Thursday, August 21, 2014

Day 36 - No agenda

There are days when I have a very clear idea about which I want to write.
Today is not one of those days.

This leads me on to an (at least for me) interesting question:
How do we deal with meetings without agendas?

I think that these come in two different flavours:
  1. The meetings where an agenda is present, but the chair just hasn't revealed it to the meeting
  2. The meetings that are literally there for the sake of having a meeting
Flavour 1 can be countered through administrative assistance and is not really as worrying as flavour 2. When I am chairing a regular meeting, I try to ensure that there is something useful to discuss in every meeting. It might not be urgent, or even necessary, but it should be useful and require discussion, not merely reporting. I think that there is a space for reporting, but staff meetings should not turn into a school assembly.

Every agenda point should result (or have the potential to result) in an action point.
Every staff meeting should be minuted and the minutes distributed.
Action points should be chased up.

I'd like to think that all of this would go without saying, otherwise why are we doing it?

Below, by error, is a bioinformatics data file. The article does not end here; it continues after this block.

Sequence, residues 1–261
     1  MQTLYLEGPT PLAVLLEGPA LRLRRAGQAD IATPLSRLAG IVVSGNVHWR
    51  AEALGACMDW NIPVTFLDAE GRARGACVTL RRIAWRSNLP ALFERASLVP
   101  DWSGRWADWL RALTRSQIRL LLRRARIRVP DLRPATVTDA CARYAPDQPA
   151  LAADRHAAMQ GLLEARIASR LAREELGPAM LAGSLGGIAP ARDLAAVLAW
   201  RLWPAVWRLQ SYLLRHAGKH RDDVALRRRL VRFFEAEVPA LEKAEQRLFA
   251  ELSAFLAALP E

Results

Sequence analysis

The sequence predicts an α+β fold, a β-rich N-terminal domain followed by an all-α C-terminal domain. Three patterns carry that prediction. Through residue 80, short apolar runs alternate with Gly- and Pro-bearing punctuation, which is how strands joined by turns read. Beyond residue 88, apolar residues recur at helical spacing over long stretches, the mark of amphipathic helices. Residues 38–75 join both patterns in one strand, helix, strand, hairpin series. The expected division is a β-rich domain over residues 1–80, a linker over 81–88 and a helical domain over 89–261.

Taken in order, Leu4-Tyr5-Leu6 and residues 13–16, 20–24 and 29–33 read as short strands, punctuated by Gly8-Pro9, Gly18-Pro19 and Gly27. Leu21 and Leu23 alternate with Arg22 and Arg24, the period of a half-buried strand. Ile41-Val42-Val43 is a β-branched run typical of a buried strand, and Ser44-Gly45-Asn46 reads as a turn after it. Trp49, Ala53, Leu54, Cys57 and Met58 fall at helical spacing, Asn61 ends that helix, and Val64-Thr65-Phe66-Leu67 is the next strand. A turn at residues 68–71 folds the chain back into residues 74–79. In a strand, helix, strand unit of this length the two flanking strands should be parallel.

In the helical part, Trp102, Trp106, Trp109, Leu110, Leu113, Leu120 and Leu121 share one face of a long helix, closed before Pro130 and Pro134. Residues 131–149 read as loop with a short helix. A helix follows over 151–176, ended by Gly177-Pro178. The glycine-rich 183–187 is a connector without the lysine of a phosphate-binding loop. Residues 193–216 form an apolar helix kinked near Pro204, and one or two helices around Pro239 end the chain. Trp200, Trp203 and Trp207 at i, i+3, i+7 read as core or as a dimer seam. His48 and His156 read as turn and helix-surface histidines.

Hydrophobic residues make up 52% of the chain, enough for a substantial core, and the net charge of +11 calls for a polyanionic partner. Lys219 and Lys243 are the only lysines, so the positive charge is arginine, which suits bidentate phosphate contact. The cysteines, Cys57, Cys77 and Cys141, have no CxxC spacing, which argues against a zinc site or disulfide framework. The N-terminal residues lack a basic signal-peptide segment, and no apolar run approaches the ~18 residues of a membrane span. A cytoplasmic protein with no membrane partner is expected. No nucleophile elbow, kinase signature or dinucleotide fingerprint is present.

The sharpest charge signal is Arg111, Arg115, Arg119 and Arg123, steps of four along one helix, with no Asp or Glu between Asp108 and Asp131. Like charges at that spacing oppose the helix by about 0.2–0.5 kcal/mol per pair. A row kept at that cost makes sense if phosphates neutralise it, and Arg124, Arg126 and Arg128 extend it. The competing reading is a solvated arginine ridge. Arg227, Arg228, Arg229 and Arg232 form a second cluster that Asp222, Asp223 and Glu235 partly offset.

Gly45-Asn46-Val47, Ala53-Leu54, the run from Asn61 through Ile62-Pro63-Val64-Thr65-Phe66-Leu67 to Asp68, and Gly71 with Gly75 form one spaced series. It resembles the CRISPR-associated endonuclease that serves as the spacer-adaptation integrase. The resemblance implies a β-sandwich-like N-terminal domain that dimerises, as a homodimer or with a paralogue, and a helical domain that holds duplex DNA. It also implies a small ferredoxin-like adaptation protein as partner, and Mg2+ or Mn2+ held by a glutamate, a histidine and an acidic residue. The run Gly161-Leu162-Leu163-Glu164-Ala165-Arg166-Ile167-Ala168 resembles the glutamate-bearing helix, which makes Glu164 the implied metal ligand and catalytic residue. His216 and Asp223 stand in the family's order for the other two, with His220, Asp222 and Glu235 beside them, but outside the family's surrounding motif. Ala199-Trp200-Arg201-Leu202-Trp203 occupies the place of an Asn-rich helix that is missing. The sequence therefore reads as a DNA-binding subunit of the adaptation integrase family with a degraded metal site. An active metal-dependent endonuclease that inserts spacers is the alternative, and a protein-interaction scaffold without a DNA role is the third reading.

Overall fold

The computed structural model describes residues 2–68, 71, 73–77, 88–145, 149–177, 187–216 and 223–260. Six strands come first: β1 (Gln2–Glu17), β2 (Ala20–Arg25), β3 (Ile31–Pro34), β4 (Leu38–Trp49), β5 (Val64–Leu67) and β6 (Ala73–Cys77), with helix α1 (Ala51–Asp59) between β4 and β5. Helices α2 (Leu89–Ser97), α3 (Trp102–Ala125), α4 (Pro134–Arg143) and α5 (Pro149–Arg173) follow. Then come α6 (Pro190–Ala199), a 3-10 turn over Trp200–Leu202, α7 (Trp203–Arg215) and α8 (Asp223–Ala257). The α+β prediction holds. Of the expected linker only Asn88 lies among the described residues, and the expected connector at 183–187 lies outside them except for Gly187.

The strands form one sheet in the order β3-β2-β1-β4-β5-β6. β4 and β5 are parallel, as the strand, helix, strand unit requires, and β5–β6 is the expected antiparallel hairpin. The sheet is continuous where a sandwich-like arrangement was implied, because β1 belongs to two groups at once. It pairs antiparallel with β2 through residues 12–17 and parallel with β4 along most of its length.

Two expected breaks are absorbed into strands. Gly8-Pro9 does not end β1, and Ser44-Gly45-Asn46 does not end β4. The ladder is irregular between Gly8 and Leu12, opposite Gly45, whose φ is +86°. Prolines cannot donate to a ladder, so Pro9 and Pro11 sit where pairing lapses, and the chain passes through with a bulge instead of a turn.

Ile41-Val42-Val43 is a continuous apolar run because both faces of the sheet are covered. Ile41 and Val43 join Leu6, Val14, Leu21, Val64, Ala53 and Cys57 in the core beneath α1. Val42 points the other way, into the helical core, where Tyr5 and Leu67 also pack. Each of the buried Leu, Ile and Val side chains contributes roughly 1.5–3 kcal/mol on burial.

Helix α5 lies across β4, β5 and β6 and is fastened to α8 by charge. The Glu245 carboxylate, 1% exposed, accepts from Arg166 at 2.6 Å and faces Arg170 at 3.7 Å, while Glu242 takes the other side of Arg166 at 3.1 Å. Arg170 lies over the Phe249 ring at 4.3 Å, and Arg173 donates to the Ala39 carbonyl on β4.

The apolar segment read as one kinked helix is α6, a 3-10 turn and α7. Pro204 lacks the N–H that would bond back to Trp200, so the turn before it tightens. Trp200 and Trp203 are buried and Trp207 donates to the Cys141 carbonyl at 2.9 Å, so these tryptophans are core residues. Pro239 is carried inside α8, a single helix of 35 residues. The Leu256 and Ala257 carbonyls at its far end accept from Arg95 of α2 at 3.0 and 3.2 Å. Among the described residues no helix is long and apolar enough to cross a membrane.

It's not just to see each other and spend time in each others' company. There are too many other things to be doing. And I'm not suggesting that the bureaucratic side of all of this is the most important thing. I've spent far too long in meetings in another institution where so much time was spent revisiting the minutes of the previous meeting that we didn't reach the agenda of the current meeting.

So how do we deal with meetings without agenda?
I've read suggestions that you simply refuse to go.
I don't know how my manager would respond to that, and it's almost guaranteed that the meeting you refuse to attend will be the important one.
It would just be nice to attend more staff meetings which didn't result in me writing 'why am I here?'.

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